NBS’ Digital Construction Report shows rising use of emerging tech


Over a quarter of those surveyed believe the construction industry is performing well, according to the NBS’ 2023 Digital Construction Report

NBS‘s latest Digital Construction Report indicates that the digital transformation of the UK industry is well underway, with one in five (22%) using AI and machine learning, with another fifth planning to do so within the next year.

Despite an overall rise in the use of digital technologies, nearly half (47%) are concerned the industry is behind the times. Moreover, 36% of respondents said they worry that they will be left behind when it comes to digital know-how, showing how fast things are moving on the ground.

Around a quarter (26%) believe this is an outdated view and is no longer the case, and that construction has finally found its ‘digital feet’.

With such a divided split, the Digital Construction Report suggests that ‘digitisation’ is more prominent in some areas of construction than others.

Digital twins are being used to improve design and safety

The popularity of digital twins is growing, with usage up by 50% since 2021. Often used in tandem with AR, VR, and MR(which is utilised by 36% of respondees) in ‘immersive tech’, over half (55%) of those that use digital twins, do so to mirror construction from other projects and to create an ‘as-built model’.

The study also flagged a growing appetite for the use of immersive technologies, such as AR (Augmented Reality), VR (Virtual Reality), and MR (Mixed-Reality), with the main use (74%) recorded as digitally generating ongoing projects in great detail for stakeholder engagement.

For two in three users (62%), immersive tech offers a way to visualise design interfaces, so they can better understand how construction projects fit within existing surroundings.

Just over a third (35%) use it for marketing purposes, particularly amongst suppliers (67%) who recognise its value when selling products and systems.

MMC and offsite methods are also trending upwards

Over half of professionals (57%) had been involved in a project that used MMC in the past twelve months.

In 2021, this figure was hovering at around 50% so an upward trend is taking place. Suppliers were the most likely (70%) followed by contractors (63%) and consultants (58%).

Eight in ten are using cloud computing as part of their daily workflow

While mainly in the form of storage, including Google Drive, OnePoll, DropBox, etc, the study revealed that over seven in ten use it to share documents and information with clients.

Three-quarters (75%) also use it to collaborate with other team members, particularly on 3D models and specifications.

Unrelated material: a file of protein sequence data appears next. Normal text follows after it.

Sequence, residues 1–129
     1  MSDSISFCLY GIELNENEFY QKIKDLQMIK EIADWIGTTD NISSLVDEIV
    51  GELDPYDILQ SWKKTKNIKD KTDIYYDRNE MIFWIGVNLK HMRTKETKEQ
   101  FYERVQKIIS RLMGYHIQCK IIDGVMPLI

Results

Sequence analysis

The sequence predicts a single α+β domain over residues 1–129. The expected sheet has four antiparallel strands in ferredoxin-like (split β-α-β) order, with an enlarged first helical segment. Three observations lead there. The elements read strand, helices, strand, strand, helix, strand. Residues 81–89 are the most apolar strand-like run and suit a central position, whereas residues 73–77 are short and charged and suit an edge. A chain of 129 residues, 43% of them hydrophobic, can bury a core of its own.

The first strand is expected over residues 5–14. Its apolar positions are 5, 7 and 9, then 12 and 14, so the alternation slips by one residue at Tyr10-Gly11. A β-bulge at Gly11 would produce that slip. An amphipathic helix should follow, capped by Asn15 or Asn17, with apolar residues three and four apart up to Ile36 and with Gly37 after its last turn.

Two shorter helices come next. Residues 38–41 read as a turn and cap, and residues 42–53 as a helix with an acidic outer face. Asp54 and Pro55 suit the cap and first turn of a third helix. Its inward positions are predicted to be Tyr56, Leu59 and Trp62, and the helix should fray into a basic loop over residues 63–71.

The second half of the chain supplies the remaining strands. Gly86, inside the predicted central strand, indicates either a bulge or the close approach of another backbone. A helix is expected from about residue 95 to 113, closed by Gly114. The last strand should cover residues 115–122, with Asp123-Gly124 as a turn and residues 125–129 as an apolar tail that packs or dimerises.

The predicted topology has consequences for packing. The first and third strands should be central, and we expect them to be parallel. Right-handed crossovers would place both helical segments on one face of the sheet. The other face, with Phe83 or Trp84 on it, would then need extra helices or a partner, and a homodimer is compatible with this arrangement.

Given the industry’s push towards the Golden Thread and focus on digital information management, it shows that the sector is making the essential investment to increase efficiency and reduce risk in the built environment.

AI is not as widespread…for now

Looking back to 2020, two in five (38%) said they were unsure if their organisation was using it, of those who did, just 9% were using AI. Following the launch of ChatGPT and other algorithm-based language models, the tide is turning.

Although 43% said they have no plans to use AI in construction, more than one in five (22%) have already adopted AI, and a similar number (20%) said they will do so within a year.

Some feel that construction has not yet realised digital’s full potential

A point of interest within the report was that despite overall growth in the use of tech, opinions on whether the industry is still lagging behind others remain divided.

Nearly half of those surveyed (47%) are still concerned the industry is behind the times when it comes to the adoption of digital technologies, but over a quarter believe it’s no longer the case.

David Bain, research manager at NBS, said: “It’s clear from the results that construction has ramped up digital adoption in recent years and is a far stride from where it was three years ago.

“Looking ahead, it will be fascinating to see next year’s report as 2024 is shaping up to be big on AI and machine learning.”

Russell Haworth, NBS CEO, added: “Looking at the evidence, we can see that construction is shaking off old and tired misconceptions and now relies on all manner of digital skills to produce building excellence.

“That said, there are still some areas for improvement and no doubt next year will bring further leaps in tech know-how and application.”


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